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We left the next day by bus for Sicily’s east coast in expectation of further adventures in the walled, medieval coastal city of Syracuse. We were not disappointed. Stay tuned!

*HI – Hostelling International – An international non-profit organization with thousands of hostels around the world http://www.HIHostels.com

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The Jews of Northern Italy – Part II (Venice and Padova)

Ghetto Nuevo of Venice

IMG_0134 reizedIMG_0136 resizedIn Venice I crossed over a small bridge to enter Ghetto Nuevo, situated on an island in the heart of the city, with four main entrances. This was the first Jewish ghetto in the world, established in 1516. For three centuries the four gates were closed during the night. IMG_0159 resizedThat all changed in 1797 when Napoleon burned down these gates and gave the inhabitants freedom to move about day and night.IMG_0150 esized

The revitalized main square today is surrounded by medieval tower houses. The unusual tall buildings found here were divided into floors of sub-standard height, demonstrating how the density of the population had increased over the years. Several old synagogues became apparent to me as I listened to an English-speaking tour guide who pointed them out to her tour group.IMG_0164 resized

In the large open square, two Orthodox Jewish men were in animated conversation. A young man wearing a “kippah” on his head was seated next to a wall working on his computer. A sign on one door asked tourists to dress modestly. IMG_0167 resizedThe small museum in the square was full of precious Jewish artifacts which had been donated by former residents. The community boasts their own “water stop” for water taxis called “Ghetto Nuevo” Over 500 Jews now live in Venice.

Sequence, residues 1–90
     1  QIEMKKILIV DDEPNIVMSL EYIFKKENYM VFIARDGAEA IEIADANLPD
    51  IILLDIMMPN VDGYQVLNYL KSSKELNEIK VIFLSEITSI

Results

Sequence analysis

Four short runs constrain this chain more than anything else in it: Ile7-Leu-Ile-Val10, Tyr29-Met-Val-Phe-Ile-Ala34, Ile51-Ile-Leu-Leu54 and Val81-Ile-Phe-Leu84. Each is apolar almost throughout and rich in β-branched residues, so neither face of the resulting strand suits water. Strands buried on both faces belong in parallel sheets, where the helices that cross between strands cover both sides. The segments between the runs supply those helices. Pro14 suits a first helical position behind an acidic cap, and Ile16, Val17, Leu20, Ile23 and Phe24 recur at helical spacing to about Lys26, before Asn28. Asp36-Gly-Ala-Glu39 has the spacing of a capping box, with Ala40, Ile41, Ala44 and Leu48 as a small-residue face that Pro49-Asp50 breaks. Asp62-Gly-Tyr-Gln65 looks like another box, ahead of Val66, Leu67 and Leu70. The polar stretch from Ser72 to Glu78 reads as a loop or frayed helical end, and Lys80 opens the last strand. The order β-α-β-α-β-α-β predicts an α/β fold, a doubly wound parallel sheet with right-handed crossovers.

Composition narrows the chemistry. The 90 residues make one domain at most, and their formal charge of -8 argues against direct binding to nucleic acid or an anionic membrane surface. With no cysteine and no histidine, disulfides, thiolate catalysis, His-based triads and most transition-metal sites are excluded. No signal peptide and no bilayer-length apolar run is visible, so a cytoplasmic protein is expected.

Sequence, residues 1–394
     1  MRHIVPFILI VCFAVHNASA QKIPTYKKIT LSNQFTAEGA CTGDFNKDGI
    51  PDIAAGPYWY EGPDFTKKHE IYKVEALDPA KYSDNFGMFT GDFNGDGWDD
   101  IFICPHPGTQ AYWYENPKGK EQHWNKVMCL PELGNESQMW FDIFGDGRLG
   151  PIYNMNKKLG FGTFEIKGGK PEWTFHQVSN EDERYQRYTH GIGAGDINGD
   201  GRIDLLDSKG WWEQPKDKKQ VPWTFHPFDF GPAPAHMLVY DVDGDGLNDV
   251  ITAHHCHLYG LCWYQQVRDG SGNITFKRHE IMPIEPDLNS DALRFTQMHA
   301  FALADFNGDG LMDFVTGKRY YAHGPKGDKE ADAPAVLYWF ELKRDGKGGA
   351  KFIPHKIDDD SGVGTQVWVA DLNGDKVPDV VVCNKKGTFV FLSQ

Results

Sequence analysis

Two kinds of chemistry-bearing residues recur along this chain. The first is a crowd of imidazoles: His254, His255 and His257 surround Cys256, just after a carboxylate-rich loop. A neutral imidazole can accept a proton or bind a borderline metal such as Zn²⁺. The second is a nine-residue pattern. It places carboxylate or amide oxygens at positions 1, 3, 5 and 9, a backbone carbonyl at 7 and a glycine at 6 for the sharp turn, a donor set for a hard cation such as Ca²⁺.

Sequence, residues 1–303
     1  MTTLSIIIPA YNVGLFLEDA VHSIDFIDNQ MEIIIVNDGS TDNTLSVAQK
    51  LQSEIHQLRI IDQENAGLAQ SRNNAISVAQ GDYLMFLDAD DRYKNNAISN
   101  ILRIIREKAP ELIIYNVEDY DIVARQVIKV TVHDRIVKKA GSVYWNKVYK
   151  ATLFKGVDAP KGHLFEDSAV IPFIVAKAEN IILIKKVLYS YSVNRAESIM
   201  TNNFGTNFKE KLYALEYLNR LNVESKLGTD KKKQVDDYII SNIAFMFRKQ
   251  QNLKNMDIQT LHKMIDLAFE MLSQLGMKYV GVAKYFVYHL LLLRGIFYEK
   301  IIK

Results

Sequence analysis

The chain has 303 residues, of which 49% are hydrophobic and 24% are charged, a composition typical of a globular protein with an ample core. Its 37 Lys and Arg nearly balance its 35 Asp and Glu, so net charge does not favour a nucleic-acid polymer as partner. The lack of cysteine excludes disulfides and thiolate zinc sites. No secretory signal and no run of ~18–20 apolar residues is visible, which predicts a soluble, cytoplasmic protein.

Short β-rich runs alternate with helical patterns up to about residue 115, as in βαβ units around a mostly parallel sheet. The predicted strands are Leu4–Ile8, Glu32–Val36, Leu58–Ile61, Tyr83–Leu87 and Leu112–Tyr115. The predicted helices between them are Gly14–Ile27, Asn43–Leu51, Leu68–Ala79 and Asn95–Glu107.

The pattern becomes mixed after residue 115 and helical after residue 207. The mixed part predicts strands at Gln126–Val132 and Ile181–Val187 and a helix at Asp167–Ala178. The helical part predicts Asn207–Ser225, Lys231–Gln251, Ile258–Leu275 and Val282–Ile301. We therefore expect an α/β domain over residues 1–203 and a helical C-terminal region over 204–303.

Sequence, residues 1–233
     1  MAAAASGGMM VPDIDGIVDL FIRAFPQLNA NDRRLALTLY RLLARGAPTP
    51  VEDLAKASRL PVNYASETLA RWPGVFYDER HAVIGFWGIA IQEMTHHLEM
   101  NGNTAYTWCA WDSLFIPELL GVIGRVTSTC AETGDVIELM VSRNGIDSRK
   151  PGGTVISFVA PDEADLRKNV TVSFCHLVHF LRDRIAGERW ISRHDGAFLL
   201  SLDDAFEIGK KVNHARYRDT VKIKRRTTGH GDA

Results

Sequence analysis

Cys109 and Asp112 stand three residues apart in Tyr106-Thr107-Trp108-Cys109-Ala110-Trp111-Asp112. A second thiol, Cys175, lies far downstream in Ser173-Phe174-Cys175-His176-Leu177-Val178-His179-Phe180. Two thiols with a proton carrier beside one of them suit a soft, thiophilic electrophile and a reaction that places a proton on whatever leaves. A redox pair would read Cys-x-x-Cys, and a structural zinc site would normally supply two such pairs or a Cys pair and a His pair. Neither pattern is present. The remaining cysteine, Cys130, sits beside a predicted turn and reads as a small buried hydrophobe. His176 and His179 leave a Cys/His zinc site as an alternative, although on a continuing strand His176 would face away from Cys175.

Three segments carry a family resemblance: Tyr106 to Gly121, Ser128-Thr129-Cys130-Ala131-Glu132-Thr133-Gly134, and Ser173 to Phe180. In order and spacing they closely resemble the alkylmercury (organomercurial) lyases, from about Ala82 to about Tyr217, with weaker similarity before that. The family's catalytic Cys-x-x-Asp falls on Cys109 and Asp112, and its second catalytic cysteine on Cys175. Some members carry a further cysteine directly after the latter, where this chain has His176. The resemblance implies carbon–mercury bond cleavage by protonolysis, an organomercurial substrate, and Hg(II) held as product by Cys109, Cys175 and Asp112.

The Ghetto of Padova

IMG_0577 resizedAbout 22 miles west of Venice is the charming, old city of Padova with over 700 years of Jewish history. Towards the middle of the fourteenth century scores of Jews from other parts of Italy established themselves in Padova as money-lenders.IMG_0578 resized

Padova’s Jewish ghetto with its narrow, winding streets and graceful arched porticoes, was established in the early 1600’s. An important family who lived here were silk entrepreneurs. Today it is filled with small, upscale shops and cafes on the lower level of the tower houses and is teaming with university students. The maximum population of Jews in the ghetto reached 1200. Today about 180 are living here.

The Jewish museum was located in an old German synagogue. It had been torched by Fascists during WWII. They blamed the Jews for supporting the Americans who were making their way up from southern Italy. It has since been restored.IMG_0589 resizedIMG_0587 resized

The woman who was manning the museum, Henrietta, told me of her Jewish history as she showed me around the museum and the ornate 16th century Italian synagogue across the street. IMG_0627 resizedHer Jewish Mother wanted to marry a Christian man but at the time it was forbidden. Her Mother lied about her heritage so the church would marry them. Henrietta, brought up as a non-Jew, decided she would never “be a Jew” until her Mother passed. She is now passionate about her Jewish heritage.

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Visiting the ghettos and Jewish areas of Italy’s cities along with their corresponding museums is a fascinating window into European and world history.